May 17th-23rd is Dog Bite Prevention Awareness week, so I would like to take the time to give this particular week the awareness that is so desperately deserves. Many dog bites are preventable but most people unfortunately do NOT know the different things that they can do to prevent such incidents. The most common dog bites occur with children. A big reason behind this is that all kids think that pets are always friendly and therefore want to pet and love on them. I mean really, who doesn’t always want to love on animals???? I know I do! But I was taught at a very young age a hard life lesson when I lifted a poodle up from its belly that it was NOT such a good idea and I was bit in the lip.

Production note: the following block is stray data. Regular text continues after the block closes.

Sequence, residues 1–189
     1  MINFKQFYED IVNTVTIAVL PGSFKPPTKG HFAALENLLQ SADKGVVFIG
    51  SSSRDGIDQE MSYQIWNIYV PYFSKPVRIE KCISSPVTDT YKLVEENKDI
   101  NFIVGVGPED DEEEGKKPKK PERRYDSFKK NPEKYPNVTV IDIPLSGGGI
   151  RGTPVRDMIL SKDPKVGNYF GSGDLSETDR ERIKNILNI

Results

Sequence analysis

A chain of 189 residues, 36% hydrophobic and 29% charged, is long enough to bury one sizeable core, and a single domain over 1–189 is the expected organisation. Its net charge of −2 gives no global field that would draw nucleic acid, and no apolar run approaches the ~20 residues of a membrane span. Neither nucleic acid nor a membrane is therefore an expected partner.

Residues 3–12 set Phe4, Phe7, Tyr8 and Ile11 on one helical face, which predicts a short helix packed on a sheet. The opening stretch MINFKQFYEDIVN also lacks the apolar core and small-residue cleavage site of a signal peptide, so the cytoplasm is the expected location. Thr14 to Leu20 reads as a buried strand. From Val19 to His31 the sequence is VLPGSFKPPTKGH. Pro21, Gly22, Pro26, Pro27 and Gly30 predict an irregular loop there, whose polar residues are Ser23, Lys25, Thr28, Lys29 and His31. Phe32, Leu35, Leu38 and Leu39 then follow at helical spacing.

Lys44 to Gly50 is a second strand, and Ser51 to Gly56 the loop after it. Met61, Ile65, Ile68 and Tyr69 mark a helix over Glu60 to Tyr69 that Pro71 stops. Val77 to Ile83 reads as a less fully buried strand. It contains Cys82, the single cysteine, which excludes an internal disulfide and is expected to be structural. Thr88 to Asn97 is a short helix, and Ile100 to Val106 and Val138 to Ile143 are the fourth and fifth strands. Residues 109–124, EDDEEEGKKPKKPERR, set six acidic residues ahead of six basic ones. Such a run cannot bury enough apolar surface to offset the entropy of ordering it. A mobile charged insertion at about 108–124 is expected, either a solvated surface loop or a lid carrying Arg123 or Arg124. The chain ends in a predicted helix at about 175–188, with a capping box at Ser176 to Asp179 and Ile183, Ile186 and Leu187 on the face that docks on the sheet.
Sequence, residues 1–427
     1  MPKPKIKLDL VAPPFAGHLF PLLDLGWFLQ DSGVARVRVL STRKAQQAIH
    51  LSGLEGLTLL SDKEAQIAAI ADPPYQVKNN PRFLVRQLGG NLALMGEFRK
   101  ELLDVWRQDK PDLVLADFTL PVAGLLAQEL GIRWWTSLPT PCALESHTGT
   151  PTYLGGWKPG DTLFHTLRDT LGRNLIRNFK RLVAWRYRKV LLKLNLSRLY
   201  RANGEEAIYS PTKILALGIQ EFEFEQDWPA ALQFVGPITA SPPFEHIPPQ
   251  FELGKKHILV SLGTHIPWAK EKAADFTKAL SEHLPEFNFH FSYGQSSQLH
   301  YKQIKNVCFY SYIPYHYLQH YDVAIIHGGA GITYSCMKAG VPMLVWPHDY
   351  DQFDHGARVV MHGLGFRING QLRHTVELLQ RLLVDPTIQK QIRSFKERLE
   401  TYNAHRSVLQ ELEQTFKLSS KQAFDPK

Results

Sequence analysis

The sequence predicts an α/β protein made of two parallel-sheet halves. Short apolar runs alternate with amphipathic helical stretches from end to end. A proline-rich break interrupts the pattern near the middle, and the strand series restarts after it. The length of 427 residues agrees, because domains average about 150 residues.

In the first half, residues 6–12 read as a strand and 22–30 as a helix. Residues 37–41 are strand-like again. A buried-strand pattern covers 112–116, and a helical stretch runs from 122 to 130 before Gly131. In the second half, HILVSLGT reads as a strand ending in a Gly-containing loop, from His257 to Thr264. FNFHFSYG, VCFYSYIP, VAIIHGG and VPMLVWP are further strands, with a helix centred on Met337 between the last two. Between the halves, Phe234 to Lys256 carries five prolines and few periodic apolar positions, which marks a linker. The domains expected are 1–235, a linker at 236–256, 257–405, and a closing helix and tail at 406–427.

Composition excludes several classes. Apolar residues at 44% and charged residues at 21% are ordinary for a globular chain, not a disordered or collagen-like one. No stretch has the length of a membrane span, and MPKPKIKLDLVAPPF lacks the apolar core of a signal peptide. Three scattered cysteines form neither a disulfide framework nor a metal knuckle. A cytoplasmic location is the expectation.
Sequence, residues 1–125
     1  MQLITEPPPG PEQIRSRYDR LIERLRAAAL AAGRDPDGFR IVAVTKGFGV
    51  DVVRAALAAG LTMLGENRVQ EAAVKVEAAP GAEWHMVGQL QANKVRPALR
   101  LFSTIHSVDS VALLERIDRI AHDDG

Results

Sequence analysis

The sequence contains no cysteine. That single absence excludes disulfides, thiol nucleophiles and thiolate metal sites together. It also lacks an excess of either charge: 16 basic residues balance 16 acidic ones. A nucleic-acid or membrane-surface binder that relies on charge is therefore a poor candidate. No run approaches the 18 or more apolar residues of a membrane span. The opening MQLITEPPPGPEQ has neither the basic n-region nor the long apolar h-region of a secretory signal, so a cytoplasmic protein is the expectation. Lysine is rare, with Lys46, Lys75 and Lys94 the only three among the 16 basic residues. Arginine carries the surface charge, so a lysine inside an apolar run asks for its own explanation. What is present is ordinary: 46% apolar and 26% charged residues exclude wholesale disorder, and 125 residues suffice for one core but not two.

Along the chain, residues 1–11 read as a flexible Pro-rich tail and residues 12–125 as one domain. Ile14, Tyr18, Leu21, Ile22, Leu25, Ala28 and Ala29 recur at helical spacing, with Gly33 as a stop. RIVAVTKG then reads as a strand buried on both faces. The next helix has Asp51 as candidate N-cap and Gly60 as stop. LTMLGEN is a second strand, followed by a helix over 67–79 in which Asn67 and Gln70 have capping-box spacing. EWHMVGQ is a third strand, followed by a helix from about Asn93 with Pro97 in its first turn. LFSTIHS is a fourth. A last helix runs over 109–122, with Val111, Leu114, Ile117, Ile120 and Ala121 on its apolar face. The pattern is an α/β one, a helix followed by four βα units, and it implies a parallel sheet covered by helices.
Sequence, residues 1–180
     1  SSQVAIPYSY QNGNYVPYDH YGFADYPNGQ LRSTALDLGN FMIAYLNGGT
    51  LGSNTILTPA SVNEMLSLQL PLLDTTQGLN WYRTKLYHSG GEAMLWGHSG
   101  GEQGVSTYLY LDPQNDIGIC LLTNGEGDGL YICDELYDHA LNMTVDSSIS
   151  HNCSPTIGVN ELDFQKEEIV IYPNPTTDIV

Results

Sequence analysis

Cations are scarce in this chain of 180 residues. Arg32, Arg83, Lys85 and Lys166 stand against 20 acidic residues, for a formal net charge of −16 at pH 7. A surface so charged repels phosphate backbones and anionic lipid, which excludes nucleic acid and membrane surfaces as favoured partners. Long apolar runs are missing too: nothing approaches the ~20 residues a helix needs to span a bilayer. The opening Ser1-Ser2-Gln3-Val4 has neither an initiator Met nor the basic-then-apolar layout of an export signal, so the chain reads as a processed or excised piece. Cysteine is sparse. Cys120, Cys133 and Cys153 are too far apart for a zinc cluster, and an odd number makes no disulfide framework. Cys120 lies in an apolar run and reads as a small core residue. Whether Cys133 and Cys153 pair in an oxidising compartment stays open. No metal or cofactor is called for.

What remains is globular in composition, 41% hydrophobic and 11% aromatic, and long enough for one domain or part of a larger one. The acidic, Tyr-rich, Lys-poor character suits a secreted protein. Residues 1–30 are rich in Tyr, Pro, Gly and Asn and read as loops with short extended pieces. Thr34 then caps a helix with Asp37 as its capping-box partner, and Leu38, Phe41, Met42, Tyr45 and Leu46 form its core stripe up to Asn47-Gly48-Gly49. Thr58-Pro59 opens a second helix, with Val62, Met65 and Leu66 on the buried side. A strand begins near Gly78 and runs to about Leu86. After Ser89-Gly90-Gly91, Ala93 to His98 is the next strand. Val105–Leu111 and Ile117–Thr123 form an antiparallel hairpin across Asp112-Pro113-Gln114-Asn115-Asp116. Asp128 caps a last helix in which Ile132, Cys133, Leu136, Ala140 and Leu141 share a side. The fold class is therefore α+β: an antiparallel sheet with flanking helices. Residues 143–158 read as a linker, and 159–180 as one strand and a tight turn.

What I didn’t know was that this pet had had surgery not long ago and therefore was very painful in the abdominal area. The entire occurrence happened so quickly that no one had the time to explain this to me. Fortunately I was okay and so was the pet. After this incident I was told that from now on, in order to have any socialization with a pet, I had to ask my parent if it was okay to approach the pets owner and then at that point ask the owner if it was okay to pet their animal. A big lesson that we need to teach children is how to act and handle themselves around pets. Especially ones that they do not know. Always make to have them ask the owner if the pet is friendly and does well with children and strangers (If the child is young enough, the parent may be the one to ask these important questions). Do not feel hurt or upset should the owner explain that you cannot pet their animal, as it may be the best for your personal safety as well as the pets. This can also be an issue with adults, being to forward with pets. The next thing when approaching a pet after asking for permission from the owner is then allow for the pet to come to you. Let them sniff your hand and make the first gesture, a lot of the time a pet will bow their head to allow for you to pet them. Try to stay on top of the head and maybe the back, never go towards the tail or appendages as some pets do not like those areas touched. Ears can sometimes be a no no spot, but normally if the owner allows for their pet to be touched, they will also let you know the areas NOT to touch. Our biggest goal is to keep both the person and pet as safe as possible. I could continue to go on and on, but I think I will save that for another blog post. Hope that you all have a wonderful weekend, and remember to teach your kids as well as taking the time yourself to ask if a pet is friendly or not!